Medico Digital Insights

Insights, Challenges & The Importance Of Marketing In Consumer Health

Healthcare marketing

Read time

9 min


15th January 2024


Written by Carrie

The evolution of consumer health: insights, challenges and the importance of marketing 

The consumer health industry has recently experienced a huge transformation, with patients across the globe taking more interest in managing their own health than ever before. 

In fact, one in 20 Google searches is now said to be related to a healthcare-related question or problem. 

Whether it be the food supplement, beauty or tech space, the evolution of consumer health brands has been propelled by three key things: changing consumer attitudes, increased access to information and the industry’s response to global health challenges like COVID-19. 

This has led to several changes across the healthcare landscape, especially in terms of how consumer health brands should embrace the growing willingness of consumers to manage their own health.  

Deloitte’s Future of Diagnostics report, for example, found that direct-to-consumer (DTC) testing had ‘increased five-fold from the start of the pandemic’, with clinicians across Europe seeing patients more and more engaged with their own health and wellbeing. 

So, how can brands in the consumer health sector embrace this growing movement? And what role can marketing play in ensuring success moving forward? 

Firstly, what is the consumer health sector?

”The consumer-health industry is booming, driven by an ageing population, a proliferation of wellness-related products and services, burgeoning sources of health-related information and consumers’ desire to control their health.“McKinsey

The consumer health sector refers to products, services, and information intended for use by individuals to maintain and improve their personal health and well-being, outside of medical settings.

Consumer health solutions are separate from prescription-only medicines and class II-III medical devices, which are typically only available under the care and guidance of a licensed physician. 

Whether it be picking up an over-the-counter medicine at the supermarket or browsing for skincare online, consumer health products are usually used by people trying to manage their health themselves – either as a proactive approach to maintain their health or a more reactive way to deal with a minor illness.

As such, the consumer health industry is now made up of a diverse range of easily accessible healthcare products, including: 

  • Over-the-counter (OTC) medicines – non-prescription medications like pain relief, antacids, antihistamines and cold remedies.
  • Dietary supplements and vitamins – vitamins, minerals, nutritional supplements, herbal teas and fibre drinks that support the diet and overall health of patients.
  • Personal care products – oral care, skincare, hair care and period care products.
  • Class I medical devices – blood pressure monitors, thermometers, orthotics and various other digital health tools like sleep trackers, smartwatches, heart rate monitors and pedometers.
  • Diagnostic products – pregnancy tests and various home testing kits for cholesterol, iron levels and more. 
  • First aid supplies – bandages, antiseptics, plasters and wound care-related products. 
  • Alternative remedies – natural products, often made using plants and natural ingredients, for example sleeping aids, homoeopathic medicines and essential oils.
  • Sports-related products – energy drinks, protein supplements and muscle creams.

The combination of having huge accessibility and such a wide product range has also set consumer health apart in recent years, with the sector estimated to be worth a staggering $500 billion – a number expected to double by 2027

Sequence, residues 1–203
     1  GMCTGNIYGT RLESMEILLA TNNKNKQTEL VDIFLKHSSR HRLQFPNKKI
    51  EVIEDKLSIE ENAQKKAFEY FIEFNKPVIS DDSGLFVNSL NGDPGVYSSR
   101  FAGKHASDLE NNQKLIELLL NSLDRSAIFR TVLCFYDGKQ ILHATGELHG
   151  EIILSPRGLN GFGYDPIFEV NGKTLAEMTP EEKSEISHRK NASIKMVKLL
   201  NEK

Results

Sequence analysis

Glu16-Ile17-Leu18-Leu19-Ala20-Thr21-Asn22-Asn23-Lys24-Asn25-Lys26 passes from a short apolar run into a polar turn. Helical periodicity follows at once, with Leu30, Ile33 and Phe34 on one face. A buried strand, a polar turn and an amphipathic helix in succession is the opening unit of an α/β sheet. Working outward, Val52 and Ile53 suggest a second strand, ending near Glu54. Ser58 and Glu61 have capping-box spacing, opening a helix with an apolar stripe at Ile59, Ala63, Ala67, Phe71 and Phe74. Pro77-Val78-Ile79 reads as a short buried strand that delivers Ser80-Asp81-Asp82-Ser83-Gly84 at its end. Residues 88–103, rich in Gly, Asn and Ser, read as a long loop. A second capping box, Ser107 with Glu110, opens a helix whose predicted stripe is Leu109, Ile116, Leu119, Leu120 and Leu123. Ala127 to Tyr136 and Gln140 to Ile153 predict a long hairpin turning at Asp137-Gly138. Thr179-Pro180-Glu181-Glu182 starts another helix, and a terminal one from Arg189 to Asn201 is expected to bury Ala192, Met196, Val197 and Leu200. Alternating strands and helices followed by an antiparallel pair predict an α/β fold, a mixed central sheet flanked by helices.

Each individual type of consumer health product has seen its own growth in recent years as well. Within the global digital health market, for example, over 40% of adults now have access to a device capable of measuring at least one health parameter. 

But you don’t need to look back too far to see why these numbers are the way they are. 

Thanks to factors like the COVID-19 pandemic, an ageing population and an increasingly stretched NHS reducing access to various health resources, consumers have been actively encouraged to use alternative healthcare channels, fueling a surge in demand.

As such, many healthcare brands are now looking to use this growing popularity to their advantage. How, you ask? Four words: an effective marketing strategy.

The importance of marketing in consumer health

Unlike prescription-only medications, consumer health products are within easy reach, allowing people to self-treat and access healthcare on their own terms. From a marketing perspective, this accessibility allows innovative D2C strategies to be tailored towards consumer attitudes and behaviour. 

While this may sound simple, you need to make sure you’re not just recognising the importance of marketing. Instead, you need to delve into the actionable consumer insights that will actually deliver success. 

In other words, don’t just create content for the sake of it. Start by considering the consumer journey and then create relatable content that uses these insights.

Here are some of the key things you’ll need to think about: 

  • Get to know your audience – start by looking at who your audience is, and keep up-to-date with their ever-changing preferences, challenges and aspirations. What resonates? And what doesn’t?
  • Speak their language – communicate in a way that connects, avoiding jargon and tailoring your content in a way that consumers can understand and relate to.
  • Use their preferred channels – whether it be via social media or a search engine, identify the channels your audience uses and meet them where they are.  
  • Put yourself in their shoes – remember that you’re not just trying to sell a product, you’re trying to change how consumers perceive it. So think about their perspectives and address the aspects that matter most to them.